Moral Reasoning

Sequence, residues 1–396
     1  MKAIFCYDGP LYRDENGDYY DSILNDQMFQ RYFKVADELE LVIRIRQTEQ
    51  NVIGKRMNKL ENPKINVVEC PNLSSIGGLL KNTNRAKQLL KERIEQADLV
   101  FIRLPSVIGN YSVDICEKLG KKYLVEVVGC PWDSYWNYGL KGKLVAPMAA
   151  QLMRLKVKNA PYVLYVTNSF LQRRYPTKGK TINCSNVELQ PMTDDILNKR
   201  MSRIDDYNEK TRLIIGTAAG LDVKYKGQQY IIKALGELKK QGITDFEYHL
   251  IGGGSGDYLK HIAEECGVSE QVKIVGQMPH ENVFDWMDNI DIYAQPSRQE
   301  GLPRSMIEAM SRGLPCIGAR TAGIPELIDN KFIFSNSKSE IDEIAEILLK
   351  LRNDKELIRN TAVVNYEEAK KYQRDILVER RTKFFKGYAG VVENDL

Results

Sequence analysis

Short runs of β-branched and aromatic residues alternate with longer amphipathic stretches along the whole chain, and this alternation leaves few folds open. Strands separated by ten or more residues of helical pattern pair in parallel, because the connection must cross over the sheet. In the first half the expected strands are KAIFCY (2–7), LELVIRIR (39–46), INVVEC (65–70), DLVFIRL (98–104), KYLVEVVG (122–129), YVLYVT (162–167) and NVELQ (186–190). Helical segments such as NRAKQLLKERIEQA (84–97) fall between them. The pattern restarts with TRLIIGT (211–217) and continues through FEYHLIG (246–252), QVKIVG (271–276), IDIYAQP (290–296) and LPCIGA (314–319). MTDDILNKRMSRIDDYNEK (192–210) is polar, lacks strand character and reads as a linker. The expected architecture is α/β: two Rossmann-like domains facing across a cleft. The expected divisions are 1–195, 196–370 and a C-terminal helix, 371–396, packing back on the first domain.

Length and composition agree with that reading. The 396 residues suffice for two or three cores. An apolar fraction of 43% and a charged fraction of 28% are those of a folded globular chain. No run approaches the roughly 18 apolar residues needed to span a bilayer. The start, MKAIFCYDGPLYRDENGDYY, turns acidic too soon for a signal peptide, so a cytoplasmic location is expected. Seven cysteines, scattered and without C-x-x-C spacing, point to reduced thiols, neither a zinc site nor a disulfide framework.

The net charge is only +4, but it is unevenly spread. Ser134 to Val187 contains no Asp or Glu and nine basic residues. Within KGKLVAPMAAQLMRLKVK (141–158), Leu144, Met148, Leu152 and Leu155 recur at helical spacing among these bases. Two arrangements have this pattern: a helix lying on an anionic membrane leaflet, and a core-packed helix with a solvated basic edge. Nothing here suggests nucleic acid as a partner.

Are there “female” ways of moral reasoning?Social changes over the last five or six decades have increased opportunities for women to study academic philosophy and to engage in shared reflection on questions of ethics. This has coincided with the revival of virtue ethics in contemporary academic philosophy. Indeed, many of the leading contemporary moral philosophers who work in virtue ethics are women: Elizabeth Anscombe, Philippa Foot, Rosalinde Hursthouse.In the Preface to Dependent Rational Animals, MacIntyre credits feminist writers with convincing him that he had not previously paid enough attention to the role of relationality, animality, vulnerability, and dependence in human life and moral philosophy. On p. 3, MacIntyre credits feminist philosophers generally, and Virginia Held and Eva Feder Kattay specifically, with attentiveness to dependence and disability, along with an emphasis on the mother-child relationship as a paradigm for moral relationships.Beginning especially in the 1980s, several thinkers have claimed that “feminist ethics” and/or a female perspective brings a distinctive voice and set of concerns to moral philosophy, including a philosophical approach that contrasts with that of most modern moral philosophers. As we studied in the first two units of this course, the two dominant modes of moral reasoning in the modern period (Kant’s duty ethics and Mill’s utilitarianism), while differing on many points, both emphasize universal principles and impartiality; several thinkers, especially female academics and some who would consider themselves to be feminists, have questioned whether universal moral principles (like duty or utility) are a product of modern European male culture. One important challenge to modern moral philosophy has come from feminist ethics.The task for you in this essay is to consider several perspectives, and then to reflect on (and respond to) this question:Are there “female” ways of moral reasoning?Watch this 5-minute video on feminist ethics/care ethics.Look at this study from Stanford Medicine which states, “over the past 15 years or so, there’s been a sea change as new technologies have generated a growing pile of evidence that there are inherent differences in how men’s and women’s brains are wired”.For more information on Moral Reasoning check on this:

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